Art or impermissible nudity? French court will decide

A visitor looks at Gustave Courbet's "The Origin of the World," painting which depicts female genitalia, a Paris museum on Friday.


PARIS (AP) — If you post a 19th-century nude painting on Facebook, is it art or impermissible nudity? That's the question in France, after an appeals court there ruled that an aggrieved user can sue the social network over the issue.

Five years ago, Facebook suspended the account of Frederic Durand-Baissas, 57, a Parisian teacher and art lover, without prior notice on the same day that he posted a photo of Gustave Courbet's 1866 painting "The Origin of the World," which depicts female genitalia.

Durand-Baissas wants his account reactivated and is asking for $22,550 in damages. He said he's glad he has been given the chance to get some sort of explanation from the powerful social network.

"This is a case of free speech and censorship on a social network," Durand-Baissas said. "If (Facebook) can't see the difference between an artistic masterpiece and a pornographic image, we in France (can)."

The case is an illustration of the tricky line that social media sites walk globally when trying to police explicit content.

"It's another hole in the fabric, at least in Europe, when it comes to users' rights running counter to the way these companies operate in the U.S.," said Steve Jones, a communications professor at the University of Illinois at Chicago.

"Social networks are going to have to be much more careful about how they interact with users and how they summarily make decisions about those users' accounts," he said.

Facebook did not return a request for comment. It has never provided any explanation for the suspended account.

The social network's "Community Standards" page, which Facebook revised in March 2015 to provide "more detail and clarity," states: "We restrict the display of nudity because some audiences within our global community may be sensitive to this type of content — particularly because of their cultural background or age."

But Facebook's policy — revised well after Durand-Baissas' suspension — also now appears to allow postings such as a photo of the Courbet painting. Facebook's standards page explicitly states: "We also allow photographs of paintings, sculptures, and other art that depicts nude figures."

Facebook's nudity policy has not yet been aired in French court. So far, Facebook lawyers have argued that under its terms of service, lawsuits like the one filed by Durand-Baissas could only be heard by a specific court in California, where Facebook has its headquarters. The social network also argued that French consumer-rights law doesn't apply to its users in that country because its worldwide service is free.

The Paris appeals court dismissed those arguments. The ruling could set a legal precedent in France, where Facebook has more than 30 million regular users. It can be appealed to France's highest court.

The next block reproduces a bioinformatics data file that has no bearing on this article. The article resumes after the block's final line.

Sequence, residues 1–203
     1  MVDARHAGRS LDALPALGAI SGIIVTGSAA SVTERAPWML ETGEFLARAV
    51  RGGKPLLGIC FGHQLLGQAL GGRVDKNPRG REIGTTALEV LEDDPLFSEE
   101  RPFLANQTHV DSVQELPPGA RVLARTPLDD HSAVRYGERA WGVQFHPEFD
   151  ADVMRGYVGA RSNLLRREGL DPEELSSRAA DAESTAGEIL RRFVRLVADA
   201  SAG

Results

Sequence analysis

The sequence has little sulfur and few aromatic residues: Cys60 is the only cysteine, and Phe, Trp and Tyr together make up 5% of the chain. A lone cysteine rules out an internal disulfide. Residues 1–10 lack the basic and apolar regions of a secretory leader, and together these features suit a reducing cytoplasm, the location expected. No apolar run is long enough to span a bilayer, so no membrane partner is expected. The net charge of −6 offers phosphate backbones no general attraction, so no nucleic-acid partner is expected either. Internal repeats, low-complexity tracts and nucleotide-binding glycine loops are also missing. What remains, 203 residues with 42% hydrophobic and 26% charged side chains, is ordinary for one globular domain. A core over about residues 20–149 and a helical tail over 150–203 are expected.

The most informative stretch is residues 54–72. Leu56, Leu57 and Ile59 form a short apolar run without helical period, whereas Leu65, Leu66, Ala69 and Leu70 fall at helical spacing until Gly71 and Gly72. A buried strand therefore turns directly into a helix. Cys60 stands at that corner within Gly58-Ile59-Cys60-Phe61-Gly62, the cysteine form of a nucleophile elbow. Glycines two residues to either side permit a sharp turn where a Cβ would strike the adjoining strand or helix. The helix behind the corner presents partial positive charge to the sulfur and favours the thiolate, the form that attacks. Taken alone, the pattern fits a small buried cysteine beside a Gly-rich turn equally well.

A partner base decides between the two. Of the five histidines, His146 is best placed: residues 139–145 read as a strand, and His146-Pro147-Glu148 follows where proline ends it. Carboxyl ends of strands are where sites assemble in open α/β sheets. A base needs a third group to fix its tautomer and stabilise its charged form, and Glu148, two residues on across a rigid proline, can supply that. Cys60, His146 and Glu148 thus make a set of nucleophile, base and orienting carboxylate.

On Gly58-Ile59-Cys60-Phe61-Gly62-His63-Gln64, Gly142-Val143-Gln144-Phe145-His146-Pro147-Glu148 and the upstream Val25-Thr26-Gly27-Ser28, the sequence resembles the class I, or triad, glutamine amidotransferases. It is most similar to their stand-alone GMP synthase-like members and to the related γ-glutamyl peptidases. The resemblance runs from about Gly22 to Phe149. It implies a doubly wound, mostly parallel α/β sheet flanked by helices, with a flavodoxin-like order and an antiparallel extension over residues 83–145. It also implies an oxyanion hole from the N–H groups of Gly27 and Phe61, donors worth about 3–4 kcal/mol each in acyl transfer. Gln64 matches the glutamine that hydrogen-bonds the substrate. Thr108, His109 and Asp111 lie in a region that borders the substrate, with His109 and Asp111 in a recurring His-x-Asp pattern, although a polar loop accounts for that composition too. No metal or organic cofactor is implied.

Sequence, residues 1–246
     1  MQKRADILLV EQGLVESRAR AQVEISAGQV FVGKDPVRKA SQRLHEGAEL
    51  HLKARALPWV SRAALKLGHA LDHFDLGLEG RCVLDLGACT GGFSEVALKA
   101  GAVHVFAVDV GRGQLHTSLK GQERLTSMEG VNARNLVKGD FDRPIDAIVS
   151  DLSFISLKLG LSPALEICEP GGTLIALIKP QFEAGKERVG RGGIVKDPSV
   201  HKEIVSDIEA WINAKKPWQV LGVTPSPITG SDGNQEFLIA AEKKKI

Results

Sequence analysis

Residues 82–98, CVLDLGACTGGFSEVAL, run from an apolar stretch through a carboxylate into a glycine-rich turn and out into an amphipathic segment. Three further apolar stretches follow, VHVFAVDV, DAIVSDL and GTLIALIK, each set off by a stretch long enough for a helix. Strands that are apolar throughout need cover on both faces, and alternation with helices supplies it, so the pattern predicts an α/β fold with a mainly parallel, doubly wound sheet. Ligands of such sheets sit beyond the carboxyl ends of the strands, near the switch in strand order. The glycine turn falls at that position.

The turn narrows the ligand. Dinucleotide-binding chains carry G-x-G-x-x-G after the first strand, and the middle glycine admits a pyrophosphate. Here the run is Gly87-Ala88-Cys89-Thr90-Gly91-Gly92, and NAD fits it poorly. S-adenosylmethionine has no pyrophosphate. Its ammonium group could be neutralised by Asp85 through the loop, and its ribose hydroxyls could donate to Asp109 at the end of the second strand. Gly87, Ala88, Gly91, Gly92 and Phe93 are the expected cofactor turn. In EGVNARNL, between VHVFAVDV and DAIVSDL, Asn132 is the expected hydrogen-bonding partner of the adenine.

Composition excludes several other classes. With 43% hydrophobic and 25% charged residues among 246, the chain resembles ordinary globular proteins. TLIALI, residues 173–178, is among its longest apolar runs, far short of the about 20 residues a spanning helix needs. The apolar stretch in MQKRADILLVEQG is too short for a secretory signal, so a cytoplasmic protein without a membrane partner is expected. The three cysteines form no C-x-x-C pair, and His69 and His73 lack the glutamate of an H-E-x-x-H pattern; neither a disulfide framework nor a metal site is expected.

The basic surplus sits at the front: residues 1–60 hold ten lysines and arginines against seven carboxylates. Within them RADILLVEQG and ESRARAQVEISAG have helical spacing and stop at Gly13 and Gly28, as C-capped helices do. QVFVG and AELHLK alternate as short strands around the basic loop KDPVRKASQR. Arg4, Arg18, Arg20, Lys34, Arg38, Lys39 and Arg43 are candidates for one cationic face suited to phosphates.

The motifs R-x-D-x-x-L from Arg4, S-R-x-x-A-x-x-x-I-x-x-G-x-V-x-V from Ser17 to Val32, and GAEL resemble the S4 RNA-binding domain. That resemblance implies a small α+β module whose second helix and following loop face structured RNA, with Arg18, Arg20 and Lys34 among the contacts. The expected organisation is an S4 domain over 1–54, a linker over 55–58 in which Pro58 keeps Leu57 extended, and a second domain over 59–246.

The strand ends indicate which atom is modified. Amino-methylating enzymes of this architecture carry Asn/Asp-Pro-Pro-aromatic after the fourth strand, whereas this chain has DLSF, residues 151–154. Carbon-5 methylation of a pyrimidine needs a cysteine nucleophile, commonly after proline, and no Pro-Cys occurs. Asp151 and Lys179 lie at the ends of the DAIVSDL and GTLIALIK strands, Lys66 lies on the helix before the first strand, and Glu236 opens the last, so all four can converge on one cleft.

The appeals court said the small clause included in Facebook's terms and conditions requiring any worldwide lawsuits to be heard by the Santa Clara court is "unfair" and excessive. In addition, the judges said the terms and conditions contract signed before creating a Facebook account does fall under consumer-rights law in France.

"This is a great satisfaction and a great victory after five years of legal action," said lawyer Stephane Cottineau, who represents Durand-Baissas. Cottineau said the appellate ruling sends a message to all "Web giants that they will have now to answer for their possible faults in French courts."

"On one hand, Facebook shows a total permissiveness regarding violence and ideas conveyed on the social network. And on the other hand, (it) shows an extreme prudishness regarding the body and nudity," he said.

The French government has lobbied Silicon Valley tech giants to take down violent extremist material, notably after deadly terrorist attacks in Paris last year.

Facebook has had a tough week in France.

France's independent privacy watchdog said Facebook is breaching users' privacy by tracking and using their personal data and set a three-month deadline to change practices before Facebook is fined. And the government's anti-fraud agency issued a formal notice giving the company two months to comply with French data protection laws or risk sanctions. It notably accused Facebook of removing content or information posted by users without consultation.

Facebook's policy on nudity in practice

Breastfeeding: In 2009, 11,000 people staged a virtual "nurse-in," replacing their profile photos with nursing ones. About two years ago the policy wording changed to specifically allow photos of nursing mothers.

Mastectomy photos: In 2013, more than 20,000 people signed an online petition urging Facebook not to ban mastectomy images. Facebook responded with an official policy that permits the vast majority of mastectomy photos. Still, many mastectomy photos are flagged by other users and removed by Facebook.

Birth photography: In 2011, Facebook apologized for disabling the account of an Iowa photographer who posted shots of a friend and her newborn moments after birth; the images partially showed her friend's breasts, but not her nipples. Facebook emailed the photographer, Laura Eckert, to apologize and say that disabling the account had been in error.

Artwork: Facebook's policy allows "photographs of paintings, sculptures, and other art that depicts nude figures." Yet many users have run into trouble after posting art containing nudity. Frederic Durand-Baissas isn't the only one whose account had been deactivated after posting artwork with nudity.— AP

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